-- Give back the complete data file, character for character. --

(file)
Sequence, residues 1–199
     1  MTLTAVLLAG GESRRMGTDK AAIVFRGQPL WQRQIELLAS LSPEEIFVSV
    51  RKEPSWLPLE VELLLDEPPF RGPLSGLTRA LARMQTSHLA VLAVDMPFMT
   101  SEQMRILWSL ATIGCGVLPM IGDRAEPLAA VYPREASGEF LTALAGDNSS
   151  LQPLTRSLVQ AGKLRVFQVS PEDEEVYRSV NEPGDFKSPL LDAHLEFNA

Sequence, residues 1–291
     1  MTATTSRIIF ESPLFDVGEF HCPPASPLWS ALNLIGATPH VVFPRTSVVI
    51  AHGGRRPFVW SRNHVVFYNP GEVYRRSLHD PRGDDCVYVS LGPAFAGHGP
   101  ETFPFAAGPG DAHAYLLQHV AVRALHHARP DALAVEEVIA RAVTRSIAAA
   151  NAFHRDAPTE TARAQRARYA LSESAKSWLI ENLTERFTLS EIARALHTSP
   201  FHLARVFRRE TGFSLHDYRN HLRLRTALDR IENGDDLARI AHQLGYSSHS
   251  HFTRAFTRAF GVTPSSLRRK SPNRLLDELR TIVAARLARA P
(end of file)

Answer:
Sequence, residues 1–199
     1  MTLTAVLLAG GESRRMGTDK AAIVFRGQPL WQRQIELLAS LSPEEIFVSV
    51  RKEPSWLPLE VELLLDEPPF RGPLSGLTRA LARMQTSHLA VLAVDMPFMT
   101  SEQMRILWSL ATIGCGVLPM IGDRAEPLAA VYPREASGEF LTALAGDNSS
   151  LQPLTRSLVQ AGKLRVFQVS PEDEEVYRSV NEPGDFKSPL LDAHLEFNA

Sequence, residues 1–291
     1  MTATTSRIIF ESPLFDVGEF HCPPASPLWS ALNLIGATPH VVFPRTSVVI
    51  AHGGRRPFVW SRNHVVFYNP GEVYRRSLHD PRGDDCVYVS LGPAFAGHGP
   101  ETFPFAAGPG DAHAYLLQHV AVRALHHARP DALAVEEVIA RAVTRSIAAA
   151  NAFHRDAPTE TARAQRARYA LSESAKSWLI ENLTERFTLS EIARALHTSP
   201  FHLARVFRRE TGFSLHDYRN HLRLRTALDR IENGDDLARI AHQLGYSSHS
   251  HFTRAFTRAF GVTPSSLRRK SPNRLLDELR TIVAARLARA P